The last few weeks have been tough. I had a baby, for one thing. I’m now 19 days into the newborn stage and am frankly having trouble seeing light at the end of the tunnel.
I hate the new baby stage. She’s warm and soft and cuddly and cute. But, she also screams for food every 2-3 hours, spits up half of it, poops the rest and hasn’t even learned how to smile yet. I hate breastfeeding but feel like I have to do it or I’m hurting her. I want to go out to eat but feel like I can’t expose her to germs. I’m recovering from surgery, tired, the house is a disaster and I’m bored. I hate it I hate it I hate it.
But I am a writer.
Not that I’ve had time or energy to put pen to paper lately. But I wrote this post in my head (and rewrote it several times) while sitting on the couch, nursing yet again. And I’ve been doing some of the one thing I’ve had time to do – thinking.
I have a lot of guilt as a mother. (Something that may have been made clear to you in the beginning of this post.) I believe there’s a right way to do things, and yet I rarely live up to that. It’s all very well to say “Just relax and enjoy this time – don’t stress, it’ll be over before you know it!” (As I have been told many times before.) But the fact is that I live in constant fear that my baby will die, and it will be my fault. That’s not something I can just turn off. It does get better, I know this from my first child. But as much as I love having a four year old, I’ve got a freaking long time before I get there again.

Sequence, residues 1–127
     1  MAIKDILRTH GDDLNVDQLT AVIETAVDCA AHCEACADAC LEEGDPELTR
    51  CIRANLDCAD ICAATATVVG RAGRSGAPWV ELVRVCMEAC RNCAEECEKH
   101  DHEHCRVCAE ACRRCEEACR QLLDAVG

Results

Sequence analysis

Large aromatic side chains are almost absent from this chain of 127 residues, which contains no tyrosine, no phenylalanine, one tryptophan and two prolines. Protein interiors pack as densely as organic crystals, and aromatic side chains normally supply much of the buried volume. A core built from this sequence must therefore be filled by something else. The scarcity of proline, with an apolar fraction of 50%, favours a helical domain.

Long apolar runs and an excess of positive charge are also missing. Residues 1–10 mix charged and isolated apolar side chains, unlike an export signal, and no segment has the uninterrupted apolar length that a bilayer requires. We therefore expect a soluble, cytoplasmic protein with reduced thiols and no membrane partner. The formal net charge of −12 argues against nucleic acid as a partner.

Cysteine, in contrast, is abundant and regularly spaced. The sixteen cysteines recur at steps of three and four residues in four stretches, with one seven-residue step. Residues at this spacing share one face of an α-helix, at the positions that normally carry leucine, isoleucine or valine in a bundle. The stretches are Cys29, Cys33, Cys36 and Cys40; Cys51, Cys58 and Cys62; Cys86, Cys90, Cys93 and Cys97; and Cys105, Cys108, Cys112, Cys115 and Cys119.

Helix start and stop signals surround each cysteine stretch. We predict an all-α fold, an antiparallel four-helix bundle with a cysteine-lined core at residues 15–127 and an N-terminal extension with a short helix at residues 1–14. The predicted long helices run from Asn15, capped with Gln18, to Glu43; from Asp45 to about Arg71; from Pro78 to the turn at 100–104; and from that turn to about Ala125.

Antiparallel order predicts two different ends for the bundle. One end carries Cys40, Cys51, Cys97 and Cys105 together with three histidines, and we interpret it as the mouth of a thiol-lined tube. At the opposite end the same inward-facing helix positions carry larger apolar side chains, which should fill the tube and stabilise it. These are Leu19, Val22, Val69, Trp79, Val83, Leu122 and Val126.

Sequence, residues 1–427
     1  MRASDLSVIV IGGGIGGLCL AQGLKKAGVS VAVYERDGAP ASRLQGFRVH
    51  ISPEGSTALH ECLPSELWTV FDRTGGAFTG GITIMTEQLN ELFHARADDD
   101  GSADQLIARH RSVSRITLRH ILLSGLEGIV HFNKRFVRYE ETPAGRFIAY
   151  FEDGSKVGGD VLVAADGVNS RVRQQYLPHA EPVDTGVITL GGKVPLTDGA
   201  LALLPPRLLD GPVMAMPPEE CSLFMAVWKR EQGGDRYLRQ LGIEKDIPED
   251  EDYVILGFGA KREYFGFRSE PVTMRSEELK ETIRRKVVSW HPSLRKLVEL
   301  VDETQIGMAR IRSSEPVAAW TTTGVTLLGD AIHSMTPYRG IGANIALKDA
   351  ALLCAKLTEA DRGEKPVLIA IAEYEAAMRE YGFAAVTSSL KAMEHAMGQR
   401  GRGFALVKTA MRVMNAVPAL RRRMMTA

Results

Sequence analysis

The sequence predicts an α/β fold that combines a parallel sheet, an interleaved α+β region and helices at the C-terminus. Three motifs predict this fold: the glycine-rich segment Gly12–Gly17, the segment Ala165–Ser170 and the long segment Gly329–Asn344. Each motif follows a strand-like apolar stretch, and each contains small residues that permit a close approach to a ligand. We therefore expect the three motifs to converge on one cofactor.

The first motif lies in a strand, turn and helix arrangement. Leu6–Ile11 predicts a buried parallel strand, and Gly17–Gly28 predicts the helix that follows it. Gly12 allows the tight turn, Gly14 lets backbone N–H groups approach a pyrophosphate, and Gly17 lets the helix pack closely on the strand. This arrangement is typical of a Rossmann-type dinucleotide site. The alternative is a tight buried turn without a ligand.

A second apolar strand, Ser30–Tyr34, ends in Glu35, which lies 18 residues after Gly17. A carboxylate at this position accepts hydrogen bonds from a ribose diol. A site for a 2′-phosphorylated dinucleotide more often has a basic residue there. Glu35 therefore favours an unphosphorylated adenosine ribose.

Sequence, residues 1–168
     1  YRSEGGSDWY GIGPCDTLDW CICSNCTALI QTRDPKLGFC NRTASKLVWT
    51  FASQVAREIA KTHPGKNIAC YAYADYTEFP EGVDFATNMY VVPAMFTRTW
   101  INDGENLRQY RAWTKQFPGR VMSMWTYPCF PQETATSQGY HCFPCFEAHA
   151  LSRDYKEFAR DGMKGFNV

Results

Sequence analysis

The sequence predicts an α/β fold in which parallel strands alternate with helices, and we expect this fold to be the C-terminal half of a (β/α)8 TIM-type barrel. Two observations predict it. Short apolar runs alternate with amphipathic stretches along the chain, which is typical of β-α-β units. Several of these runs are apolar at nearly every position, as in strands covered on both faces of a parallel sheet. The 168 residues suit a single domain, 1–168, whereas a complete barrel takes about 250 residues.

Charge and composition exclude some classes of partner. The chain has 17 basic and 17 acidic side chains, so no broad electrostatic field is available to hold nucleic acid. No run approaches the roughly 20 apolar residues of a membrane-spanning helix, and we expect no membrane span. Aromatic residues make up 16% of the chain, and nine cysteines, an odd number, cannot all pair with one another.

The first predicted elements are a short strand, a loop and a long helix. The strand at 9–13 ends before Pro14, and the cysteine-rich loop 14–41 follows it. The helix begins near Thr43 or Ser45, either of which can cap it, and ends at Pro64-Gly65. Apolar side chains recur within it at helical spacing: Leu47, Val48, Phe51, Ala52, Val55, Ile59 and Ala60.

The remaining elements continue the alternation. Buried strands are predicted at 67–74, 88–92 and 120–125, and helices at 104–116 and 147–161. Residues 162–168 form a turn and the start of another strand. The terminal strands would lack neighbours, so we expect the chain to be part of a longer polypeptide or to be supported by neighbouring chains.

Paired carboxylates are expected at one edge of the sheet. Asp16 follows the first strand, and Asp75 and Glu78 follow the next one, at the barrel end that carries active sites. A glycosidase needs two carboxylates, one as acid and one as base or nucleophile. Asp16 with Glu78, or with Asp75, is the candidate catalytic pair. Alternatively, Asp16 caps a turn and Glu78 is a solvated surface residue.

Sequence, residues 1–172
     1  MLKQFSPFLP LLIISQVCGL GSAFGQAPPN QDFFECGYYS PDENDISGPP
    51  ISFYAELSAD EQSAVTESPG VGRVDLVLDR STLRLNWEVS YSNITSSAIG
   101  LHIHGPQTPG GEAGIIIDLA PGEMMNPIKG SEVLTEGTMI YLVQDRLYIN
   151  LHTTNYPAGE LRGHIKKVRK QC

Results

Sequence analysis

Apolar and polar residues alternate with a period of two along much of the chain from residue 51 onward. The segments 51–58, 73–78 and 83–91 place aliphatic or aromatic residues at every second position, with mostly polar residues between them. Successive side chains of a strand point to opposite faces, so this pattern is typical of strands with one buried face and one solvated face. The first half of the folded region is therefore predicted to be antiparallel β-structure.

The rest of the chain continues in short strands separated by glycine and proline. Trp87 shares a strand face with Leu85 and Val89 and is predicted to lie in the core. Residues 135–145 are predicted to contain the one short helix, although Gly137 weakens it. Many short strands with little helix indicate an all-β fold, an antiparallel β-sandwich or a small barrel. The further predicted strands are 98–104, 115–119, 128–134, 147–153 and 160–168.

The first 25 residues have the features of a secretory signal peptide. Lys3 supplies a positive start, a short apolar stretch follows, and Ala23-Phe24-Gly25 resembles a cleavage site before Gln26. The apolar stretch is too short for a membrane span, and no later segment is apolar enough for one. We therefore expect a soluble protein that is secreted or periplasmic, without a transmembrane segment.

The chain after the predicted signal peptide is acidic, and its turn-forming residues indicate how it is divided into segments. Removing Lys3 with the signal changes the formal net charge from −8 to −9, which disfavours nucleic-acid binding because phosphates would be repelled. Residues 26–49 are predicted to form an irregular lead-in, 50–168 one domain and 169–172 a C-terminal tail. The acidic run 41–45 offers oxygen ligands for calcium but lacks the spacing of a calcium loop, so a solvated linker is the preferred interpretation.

Surviving is a daily process right now.
I am a mother, and that is wonderful all the years and terrible some days. I’m so thankful to be a mother; I’m so glad to have my little family. And I do not want to feed a screaming baby ever again.
Writing used to be like that for me. I love being a writer, and often hate sitting my butt down and writing. This seems to be something common to most writers, but the advice given is often like that for new mothers: Enjoy it. Get in a routine. Just make yourself do it and it will get better.
Frell that. I have become convinced that being a writer doesn’t mean you must sit down and write every morning at 5am. I’m currently sitting in a fast food parking lot. I am – I admit it – hiding from my family. But no matter how long I sit here – slowly eating fries, sipping sweet tea and prolonging the moment of my return – I am still a mother. I can tell because I’m using my free time to write about being a mother.
And no matter how long it takes me to get the words actually written down, I am also a writer. I know because of the things I write in my head during a 3am feeding.
You never stop being the things that are part of your true self. Even when you take a break from doing once in a while. I never have to worry about losing that part of me.
I have not lost my stress about being a mom. But I’m getting better about being a writer, so maybe there’s hope for me yet.